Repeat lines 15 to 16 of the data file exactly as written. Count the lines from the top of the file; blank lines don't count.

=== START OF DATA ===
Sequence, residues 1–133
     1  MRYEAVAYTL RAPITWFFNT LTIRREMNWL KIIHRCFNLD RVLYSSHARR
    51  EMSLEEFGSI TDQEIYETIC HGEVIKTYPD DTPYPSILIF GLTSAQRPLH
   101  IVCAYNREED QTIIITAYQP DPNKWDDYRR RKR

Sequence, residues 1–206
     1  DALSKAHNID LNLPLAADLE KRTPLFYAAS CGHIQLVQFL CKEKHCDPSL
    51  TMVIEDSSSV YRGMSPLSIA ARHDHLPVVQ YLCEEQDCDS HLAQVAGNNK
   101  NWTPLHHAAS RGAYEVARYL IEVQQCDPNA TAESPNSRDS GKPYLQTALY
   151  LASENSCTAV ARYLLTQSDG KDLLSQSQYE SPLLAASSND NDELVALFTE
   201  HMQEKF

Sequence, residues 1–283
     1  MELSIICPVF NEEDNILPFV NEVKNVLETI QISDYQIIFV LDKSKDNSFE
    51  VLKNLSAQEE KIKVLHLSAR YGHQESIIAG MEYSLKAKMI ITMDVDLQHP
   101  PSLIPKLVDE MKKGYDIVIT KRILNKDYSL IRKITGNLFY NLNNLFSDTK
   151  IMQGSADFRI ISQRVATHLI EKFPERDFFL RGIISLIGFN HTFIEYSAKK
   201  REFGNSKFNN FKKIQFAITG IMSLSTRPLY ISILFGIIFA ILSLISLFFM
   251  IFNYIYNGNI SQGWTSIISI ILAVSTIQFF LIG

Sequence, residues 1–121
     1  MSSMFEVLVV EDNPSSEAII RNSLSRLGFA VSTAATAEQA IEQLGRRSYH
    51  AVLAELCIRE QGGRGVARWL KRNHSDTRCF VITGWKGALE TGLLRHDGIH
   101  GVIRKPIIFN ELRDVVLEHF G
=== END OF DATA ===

   151  IMQGSADFRI ISQRVATHLI EKFPERDFFL RGIISLIGFN HTFIEYSAKK
   201  REFGNSKFNN FKKIQFAITG IMSLSTRPLY ISILFGIIFA ILSLISLFFM